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Size matters: MEG empirical and simulation study on source localization of the earliest visual activity in the occipital cortex

Abstract

While the relationship between sensory stimulation and tasks and the size of the cortical activations is generally unknown, the visual modality offers a unique possibility of an experimental manipulation of stimulus size-related increases of the spatial extent of cortical activation even during the earliest activity in the retinotopically organized primary visual cortex. We used magnetoecephalography (MEG), visual stimuli of increasing size, and numerical simulations on realistic cortical surfaces to explore the effects of increasing spatial extent of the activated cortical sources on the neuromagnetic fields, location estimation biases, and source resolution. Source localization was performed assuming multiple dipoles in a sphere model using an efficient, automatically restarted multi-start simplex minimizer within the Calibrated Start Spatio-Temporal (CSST) algorithm. We found size-related effects on amplitude and latencies and differences in relative locations of the earliest occipital sources evoked by stimuli of increasing size presented at the same eccentricity. This finding was confirmed by single patch simulations. Additionally, simulations of multiple extended sources demonstrated size-related increase in limits in source resolution for bilaterally simulated sources, biases in location estimates for a given separation of sources, and limits in source resolution due to source multiplicity within a hemisphere.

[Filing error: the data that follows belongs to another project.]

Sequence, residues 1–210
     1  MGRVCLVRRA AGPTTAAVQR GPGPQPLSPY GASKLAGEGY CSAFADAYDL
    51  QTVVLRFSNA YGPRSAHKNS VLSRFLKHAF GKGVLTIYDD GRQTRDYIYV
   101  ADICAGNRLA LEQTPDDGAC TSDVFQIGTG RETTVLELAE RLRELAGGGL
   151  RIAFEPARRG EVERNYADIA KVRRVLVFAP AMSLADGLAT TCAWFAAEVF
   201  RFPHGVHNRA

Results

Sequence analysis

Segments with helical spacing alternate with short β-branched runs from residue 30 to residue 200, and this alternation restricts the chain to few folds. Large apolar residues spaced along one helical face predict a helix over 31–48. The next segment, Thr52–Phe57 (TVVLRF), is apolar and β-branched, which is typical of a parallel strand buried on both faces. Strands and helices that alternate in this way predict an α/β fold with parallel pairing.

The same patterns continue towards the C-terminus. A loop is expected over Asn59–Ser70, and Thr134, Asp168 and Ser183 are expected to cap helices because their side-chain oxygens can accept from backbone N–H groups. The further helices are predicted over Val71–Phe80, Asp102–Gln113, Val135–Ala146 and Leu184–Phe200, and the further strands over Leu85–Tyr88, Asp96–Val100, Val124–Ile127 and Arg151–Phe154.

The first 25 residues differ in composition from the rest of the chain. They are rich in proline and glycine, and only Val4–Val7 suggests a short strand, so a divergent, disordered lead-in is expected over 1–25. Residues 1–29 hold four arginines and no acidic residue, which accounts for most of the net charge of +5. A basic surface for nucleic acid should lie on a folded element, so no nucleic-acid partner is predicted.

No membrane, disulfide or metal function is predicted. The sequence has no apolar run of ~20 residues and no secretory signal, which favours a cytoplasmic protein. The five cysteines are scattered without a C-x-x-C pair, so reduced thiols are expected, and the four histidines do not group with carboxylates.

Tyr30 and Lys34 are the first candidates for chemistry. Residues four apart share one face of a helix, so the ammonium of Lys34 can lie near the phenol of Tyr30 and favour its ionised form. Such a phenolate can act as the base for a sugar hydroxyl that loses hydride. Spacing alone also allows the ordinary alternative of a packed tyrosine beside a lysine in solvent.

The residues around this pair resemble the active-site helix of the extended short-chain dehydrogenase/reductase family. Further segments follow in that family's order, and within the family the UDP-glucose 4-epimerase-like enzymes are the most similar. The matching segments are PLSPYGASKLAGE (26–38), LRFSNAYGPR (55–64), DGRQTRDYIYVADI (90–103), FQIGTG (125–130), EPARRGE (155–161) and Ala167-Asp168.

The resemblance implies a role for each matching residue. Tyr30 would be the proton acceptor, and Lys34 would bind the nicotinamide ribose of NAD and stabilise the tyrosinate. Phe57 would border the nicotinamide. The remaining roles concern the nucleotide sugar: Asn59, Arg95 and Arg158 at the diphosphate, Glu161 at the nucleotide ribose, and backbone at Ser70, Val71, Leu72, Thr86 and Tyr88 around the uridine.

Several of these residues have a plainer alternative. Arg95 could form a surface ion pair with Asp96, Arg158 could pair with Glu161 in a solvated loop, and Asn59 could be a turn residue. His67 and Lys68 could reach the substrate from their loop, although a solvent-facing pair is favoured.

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Acknowledgments

This study was supported by the Croatian Ministry of Science, Education, and Sport (grant 199-1081870-1252) and bilateral agreement between the University of Zagreb and Technical University of Ilmenau.

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Correspondence to Selma Supek.

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Josef Golubic, S., Susac, A., Grilj, V. et al. Size matters: MEG empirical and simulation study on source localization of the earliest visual activity in the occipital cortex. Med Biol Eng Comput 49, 545–554 (2011). https://doi.org/10.1007/s11517-011-0764-9

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Keywords

  • Magnetoencephalography (MEG)
  • Stimulus size
  • Cortical source extent
  • Neuromagnetic multi-source localization
  • Retinotopic organization of the human visual cortex
  • Cortical magnification factor
  • Occipital visual cortex